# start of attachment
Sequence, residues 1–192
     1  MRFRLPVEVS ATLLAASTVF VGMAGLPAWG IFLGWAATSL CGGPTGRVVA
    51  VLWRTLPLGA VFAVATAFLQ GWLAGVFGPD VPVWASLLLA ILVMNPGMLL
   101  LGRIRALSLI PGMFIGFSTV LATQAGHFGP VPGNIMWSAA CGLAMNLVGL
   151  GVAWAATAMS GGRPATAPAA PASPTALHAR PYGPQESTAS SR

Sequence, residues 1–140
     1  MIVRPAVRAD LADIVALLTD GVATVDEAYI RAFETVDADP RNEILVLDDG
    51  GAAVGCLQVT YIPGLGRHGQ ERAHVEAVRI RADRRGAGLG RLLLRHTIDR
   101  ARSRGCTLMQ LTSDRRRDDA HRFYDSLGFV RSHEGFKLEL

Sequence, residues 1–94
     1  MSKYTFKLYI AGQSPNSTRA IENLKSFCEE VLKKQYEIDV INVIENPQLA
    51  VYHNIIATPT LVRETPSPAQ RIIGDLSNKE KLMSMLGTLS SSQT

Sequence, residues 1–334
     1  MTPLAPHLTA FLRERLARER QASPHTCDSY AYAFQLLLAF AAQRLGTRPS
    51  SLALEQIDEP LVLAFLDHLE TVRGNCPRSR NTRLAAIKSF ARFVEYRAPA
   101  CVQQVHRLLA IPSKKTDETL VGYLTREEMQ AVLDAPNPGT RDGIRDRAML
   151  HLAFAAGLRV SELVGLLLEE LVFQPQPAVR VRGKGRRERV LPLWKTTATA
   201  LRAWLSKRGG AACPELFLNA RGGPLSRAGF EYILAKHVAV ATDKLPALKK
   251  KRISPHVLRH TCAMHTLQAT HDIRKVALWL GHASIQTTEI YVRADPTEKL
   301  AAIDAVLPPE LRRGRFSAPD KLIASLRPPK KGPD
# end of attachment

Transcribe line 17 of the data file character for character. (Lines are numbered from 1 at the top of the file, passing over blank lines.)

   151  HLAFAAGLRV SELVGLLLEE LVFQPQPAVR VRGKGRRERV LPLWKTTATA